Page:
Philosophy of irrationalism
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KARAGANDA STATE MEDICAL UNIVERSITY Department: History of Kazakhstan and social-political disciplines Lecture 16. Philosophy of irrationalism. Temirbekova M.Y. - teacher of department’s History of Kazakhstan and SPD, Master of Humanities.

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Philosophy of irrationalism

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Philosophy of irrationalism

KARAGANDA STATE MEDICAL UNIVERSITYDepartment: History of Kazakhstan and social-political disciplines

Lecture 16

Philosophy of irrationalism

Temirbekova M.Y. - teacher

of department’s History of Kazakhstan and SPD, Master of Humanities


Philosophy of irrationalism

  • Irrationalism - belief in feeling, instinct, or other nonrational forces rather than reason.

  • Irrationalism, 19th- and early 20th-century philosophical movement that claimed to enrich the apprehension of human life by expanding it beyond the rational to its fuller dimensions. Rooted either in metaphysics or in an awareness of the uniqueness of human experience, irrationalism stressed the dimensions of instinct, feeling, and will as over and against reason.

  • There were irrationalists before the 19th century. In ancient Greek culture - which is usually assessed as rationalistic - a Dionysian (i.e., instinctive) strain can be discerned in the works of the poet Pindar, in the dramatists, and even in such philosophers as Pythagoras and Empedocles and in Plato. In early modern philosophy - even during the ascendancy of Cartesian rationalism - Blaise Pascal turned from reason to an Augustinian faith, convinced that “the heart has its reasons” unknown to reason as such.

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Philosophy of irrationalism

  • Under the influence of Charles Darwin and later Sigmund Freud, irrationalism began to explore the biological and subconscious roots of experience. Pragmatism, existentialism, and vitalism (or “life philosophy”) all arose as expressions of this expanded view of human life and thought.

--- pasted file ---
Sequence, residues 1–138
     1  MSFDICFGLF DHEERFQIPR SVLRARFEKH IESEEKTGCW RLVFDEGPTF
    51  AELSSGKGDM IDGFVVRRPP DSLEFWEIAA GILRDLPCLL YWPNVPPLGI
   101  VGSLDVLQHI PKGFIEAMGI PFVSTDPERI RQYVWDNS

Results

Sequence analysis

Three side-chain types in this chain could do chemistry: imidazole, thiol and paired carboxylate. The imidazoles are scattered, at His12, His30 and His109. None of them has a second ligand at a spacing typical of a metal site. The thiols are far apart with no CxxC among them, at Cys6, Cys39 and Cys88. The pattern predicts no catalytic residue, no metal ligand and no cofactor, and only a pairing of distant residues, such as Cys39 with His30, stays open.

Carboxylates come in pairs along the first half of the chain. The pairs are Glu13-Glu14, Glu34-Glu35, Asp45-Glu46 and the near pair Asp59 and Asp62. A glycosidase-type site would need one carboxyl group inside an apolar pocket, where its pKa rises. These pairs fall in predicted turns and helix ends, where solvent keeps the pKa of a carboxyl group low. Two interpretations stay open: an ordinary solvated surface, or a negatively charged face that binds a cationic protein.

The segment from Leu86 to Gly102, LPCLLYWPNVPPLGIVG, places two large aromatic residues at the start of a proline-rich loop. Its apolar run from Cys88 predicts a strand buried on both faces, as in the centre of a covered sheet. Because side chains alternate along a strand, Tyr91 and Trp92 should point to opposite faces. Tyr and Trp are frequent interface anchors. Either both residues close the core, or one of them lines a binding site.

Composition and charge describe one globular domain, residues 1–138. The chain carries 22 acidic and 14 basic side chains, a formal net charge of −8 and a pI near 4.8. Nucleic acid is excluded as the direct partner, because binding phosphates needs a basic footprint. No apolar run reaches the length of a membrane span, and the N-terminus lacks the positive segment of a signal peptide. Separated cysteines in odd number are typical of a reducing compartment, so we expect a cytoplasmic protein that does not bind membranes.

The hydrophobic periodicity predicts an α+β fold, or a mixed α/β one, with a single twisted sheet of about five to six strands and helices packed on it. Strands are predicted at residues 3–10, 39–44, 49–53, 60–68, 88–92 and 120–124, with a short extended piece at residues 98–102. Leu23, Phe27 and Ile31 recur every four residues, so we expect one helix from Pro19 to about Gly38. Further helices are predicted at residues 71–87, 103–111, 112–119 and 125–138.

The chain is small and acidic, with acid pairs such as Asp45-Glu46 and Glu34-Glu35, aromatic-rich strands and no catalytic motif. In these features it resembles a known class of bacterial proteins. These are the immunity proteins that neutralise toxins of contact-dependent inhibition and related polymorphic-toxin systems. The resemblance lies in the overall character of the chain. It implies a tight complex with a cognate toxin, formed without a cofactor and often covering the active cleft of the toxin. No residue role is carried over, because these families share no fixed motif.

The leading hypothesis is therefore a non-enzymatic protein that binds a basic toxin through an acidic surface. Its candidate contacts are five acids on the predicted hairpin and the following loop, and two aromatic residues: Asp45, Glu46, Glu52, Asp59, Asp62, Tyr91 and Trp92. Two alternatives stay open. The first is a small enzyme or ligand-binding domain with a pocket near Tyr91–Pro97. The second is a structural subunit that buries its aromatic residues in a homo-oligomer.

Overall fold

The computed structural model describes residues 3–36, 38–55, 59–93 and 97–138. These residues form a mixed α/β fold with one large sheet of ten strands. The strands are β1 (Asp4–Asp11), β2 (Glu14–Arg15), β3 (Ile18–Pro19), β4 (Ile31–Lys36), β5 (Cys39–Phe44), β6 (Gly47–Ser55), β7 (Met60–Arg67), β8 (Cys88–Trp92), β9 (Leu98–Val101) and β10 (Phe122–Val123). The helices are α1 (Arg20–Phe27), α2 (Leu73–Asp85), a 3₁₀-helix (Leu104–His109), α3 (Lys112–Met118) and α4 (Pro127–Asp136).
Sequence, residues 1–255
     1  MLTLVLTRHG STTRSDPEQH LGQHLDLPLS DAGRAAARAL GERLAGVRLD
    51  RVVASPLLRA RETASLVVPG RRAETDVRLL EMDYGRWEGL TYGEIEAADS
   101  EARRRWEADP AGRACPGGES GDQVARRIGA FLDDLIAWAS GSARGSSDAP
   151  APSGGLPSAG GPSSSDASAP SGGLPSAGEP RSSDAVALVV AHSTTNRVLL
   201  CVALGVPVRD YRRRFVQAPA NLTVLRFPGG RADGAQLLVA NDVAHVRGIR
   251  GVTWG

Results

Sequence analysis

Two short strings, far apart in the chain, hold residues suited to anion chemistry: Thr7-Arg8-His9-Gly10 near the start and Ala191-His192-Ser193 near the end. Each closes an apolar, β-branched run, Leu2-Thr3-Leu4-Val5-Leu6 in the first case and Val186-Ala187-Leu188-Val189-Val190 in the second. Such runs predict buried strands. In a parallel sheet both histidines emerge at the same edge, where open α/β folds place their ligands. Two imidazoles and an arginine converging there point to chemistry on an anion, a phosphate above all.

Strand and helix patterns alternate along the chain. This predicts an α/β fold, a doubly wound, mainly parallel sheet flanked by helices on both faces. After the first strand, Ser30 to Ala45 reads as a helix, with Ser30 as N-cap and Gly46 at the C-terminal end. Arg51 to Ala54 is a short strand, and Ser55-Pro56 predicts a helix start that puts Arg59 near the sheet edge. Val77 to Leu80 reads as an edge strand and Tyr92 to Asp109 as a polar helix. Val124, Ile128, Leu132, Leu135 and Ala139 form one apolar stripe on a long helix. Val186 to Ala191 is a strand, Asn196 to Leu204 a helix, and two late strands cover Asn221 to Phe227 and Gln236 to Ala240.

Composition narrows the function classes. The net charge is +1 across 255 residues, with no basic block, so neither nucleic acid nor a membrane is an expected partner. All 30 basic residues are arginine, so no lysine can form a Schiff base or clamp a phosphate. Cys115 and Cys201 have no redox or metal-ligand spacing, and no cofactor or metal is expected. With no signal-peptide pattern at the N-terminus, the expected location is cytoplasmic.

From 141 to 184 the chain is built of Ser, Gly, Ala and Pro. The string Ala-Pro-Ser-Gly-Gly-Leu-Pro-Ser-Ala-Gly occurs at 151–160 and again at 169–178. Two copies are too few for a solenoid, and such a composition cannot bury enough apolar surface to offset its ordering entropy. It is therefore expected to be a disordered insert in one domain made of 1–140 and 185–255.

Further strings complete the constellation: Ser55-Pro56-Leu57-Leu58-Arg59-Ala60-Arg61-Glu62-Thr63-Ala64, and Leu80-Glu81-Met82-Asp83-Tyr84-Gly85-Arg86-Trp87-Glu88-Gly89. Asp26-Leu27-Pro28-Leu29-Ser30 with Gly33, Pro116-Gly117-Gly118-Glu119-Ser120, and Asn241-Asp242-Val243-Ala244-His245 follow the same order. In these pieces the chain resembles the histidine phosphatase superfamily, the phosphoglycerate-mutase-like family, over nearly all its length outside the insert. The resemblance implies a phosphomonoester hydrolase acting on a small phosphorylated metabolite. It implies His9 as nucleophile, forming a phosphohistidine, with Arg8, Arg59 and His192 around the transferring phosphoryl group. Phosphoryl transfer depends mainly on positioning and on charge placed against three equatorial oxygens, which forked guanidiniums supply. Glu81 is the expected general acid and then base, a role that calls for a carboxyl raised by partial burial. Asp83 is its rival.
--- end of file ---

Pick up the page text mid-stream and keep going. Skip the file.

• For Arthur Schopenhauer, a typical 19th-century irrationalist, voluntarism expressed the essence of reality - a blind, purposeless will permeating all existence. If mind, then, is an emergent from mute biological process, it is natural to conclude, as the pragmatists did, that it evolved as an instrument for practical adjustment—not as an organ for the rational plumbing of metaphysics. Charles Sanders Peirce and William James thus argued that ideas are to be assessed not in terms of logic but in terms of their practical results when put to the test of action.


Philosophy of irrationalism

  • Irrationalism is also expressed in the historicism and relativism of Wilhelm Dilthey, who saw all knowledge as conditioned by one’s private historical perspective and who thus urged the importance of the Geisteswissenschaften (the humanities). Johann Georg Hamann, spurning speculation, sought truth in feeling, faith, and experience, making personal convictions its ultimate criterion. Friedrich Heinrich Jacobi exalted the certitude and clarity of faith to the detriment of intellectual knowledge and sensation.

  • Friedrich Nietzsche (1844-1900), The Birth of Tragedy, Beyond Good and Evil, The Genealogy of Morals, Thus Spake Zarathustra.

  • In general, irrationalism implies either (in ontology) that the world is devoid of rational structure, meaning, and purpose; or (in epistemology) that reason is inherently defective and incapable of knowing the universe without distortion; or (in ethics) that recourse to objective standards is futile; or (in anthropology) that in human nature itself the dominant dimensions are irrational.


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